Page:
If the rest of the album follows the trend of what’s posted of “Art is the Weapon”, I know this album will quickly become a new favorite. Once the album is released, the sound as a whole will stand out, which will make it easier to describe. What I noticed, and liked, in the clip is the essence of My Chemical Romance’s sound without the repetition of anything I’ve heard by them. I like the risks, and I’m hoping they payoff as a whole.

So check out their video and then check their site. Hopefully soon is really soon and not the fake soon that happens sometimes.

[youtube=http://www.youtube.com/watch?v=63lyA42Y6ug]

Kim Boekbinder’s The Impossible Girl

I don’t know if you’ve heard about Kim Boekbinder and her new album, The Impossible Girl,  but seriously, you have to check it out.

She’s raised the money to record from preorders and donations. And now the album is for sale!

Boekbinder has broken the album into 4 pieces and is currently offering the album on bandcamp as a pay what you want. You can preview all of the songs in their entirety, so you know before you download how much you want to pay her.

Part 1 of The Impossible Girl flows with a freedom which gives the first four songs a joy that makes the album enjoyable and powerful. “The Impossible Girl #1” bounces through a beautiful description of  a woman who seems to fit in a legend or myth. We learn that she’s beautiful, distant, ethereal, and free. She cannot be bound and live. To love her is to accept her and her free spirit.

Continue reading Kim Boekbinder’s The Impossible Girl

Evelyn Evelyn

USPS dropped the Evelyn Evelyn record I ordered through their website at my door last week. Put together by Amanda Palmer and Jason Webley, this debut record is the work of conjoined twin sisters. I’ve been listening to it on repeat since I tore open the box and turned everything over in my hands. It’s officially on sale today! If you haven’t heard the music from this project, check out their myspace. That’s why I knew I wanted this album.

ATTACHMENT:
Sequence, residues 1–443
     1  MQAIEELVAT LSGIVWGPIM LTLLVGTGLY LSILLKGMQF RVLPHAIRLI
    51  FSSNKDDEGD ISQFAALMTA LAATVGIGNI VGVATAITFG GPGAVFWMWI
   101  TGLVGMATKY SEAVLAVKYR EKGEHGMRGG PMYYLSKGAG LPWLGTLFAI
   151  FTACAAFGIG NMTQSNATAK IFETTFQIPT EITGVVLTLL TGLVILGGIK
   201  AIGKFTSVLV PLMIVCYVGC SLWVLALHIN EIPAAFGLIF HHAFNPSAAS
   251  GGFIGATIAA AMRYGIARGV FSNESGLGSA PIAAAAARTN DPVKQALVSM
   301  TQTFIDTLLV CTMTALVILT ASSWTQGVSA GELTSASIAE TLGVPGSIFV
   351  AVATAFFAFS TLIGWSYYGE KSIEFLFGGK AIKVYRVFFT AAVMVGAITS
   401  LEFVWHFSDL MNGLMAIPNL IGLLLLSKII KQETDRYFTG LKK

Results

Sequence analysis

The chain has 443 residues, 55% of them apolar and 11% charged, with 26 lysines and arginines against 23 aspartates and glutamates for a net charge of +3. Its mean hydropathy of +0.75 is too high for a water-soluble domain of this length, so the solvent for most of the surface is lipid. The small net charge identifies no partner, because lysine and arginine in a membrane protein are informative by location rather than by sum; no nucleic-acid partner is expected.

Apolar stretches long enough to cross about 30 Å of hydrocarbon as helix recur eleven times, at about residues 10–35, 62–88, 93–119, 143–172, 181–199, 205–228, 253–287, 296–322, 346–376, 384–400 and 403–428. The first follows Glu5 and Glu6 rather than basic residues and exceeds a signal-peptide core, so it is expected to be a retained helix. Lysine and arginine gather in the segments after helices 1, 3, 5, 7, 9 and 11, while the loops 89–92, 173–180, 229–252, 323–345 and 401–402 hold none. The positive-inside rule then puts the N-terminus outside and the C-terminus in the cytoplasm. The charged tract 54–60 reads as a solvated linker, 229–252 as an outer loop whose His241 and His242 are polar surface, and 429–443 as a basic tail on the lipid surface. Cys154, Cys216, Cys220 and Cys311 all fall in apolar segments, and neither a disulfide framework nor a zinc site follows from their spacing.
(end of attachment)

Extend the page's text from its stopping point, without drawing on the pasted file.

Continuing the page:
The twins are actually characters the artists are playing for their side-project. While there has been much discussion on Amanda Palmer and Jason Webley’s websites about the existence of the twins, and the ethical aspects of either wearing this persona(s), I don’t intend to enter into that part of the discussion at length here. I do appreciate concept albums and artists intentionally taking on personas to present work from a different perspective. And since I paid for the preorder record and cd, I’m evidently not offended.

I was looking forward to this album since the artists seemed very pleased and proud of the end product. I get excited about work that artists are excited about.

And I think the album is fantastic.

The characters of Evelyn Evelyn have a traumatic and sad back story, and in this record, they present their life story. Not in every detail; not in glory; and interestingly not in complete condemnation.

The story of the twins is presented in both very personal, first person accounts and more distant, third person accounts. Interspersed between the songs are narrated pieces of their story introduced as a conversation between the sisters and told in a journalistic tone. The story elements contextualize the emotional content of the songs. Some might find the interruption distracting, but I appreciate the context.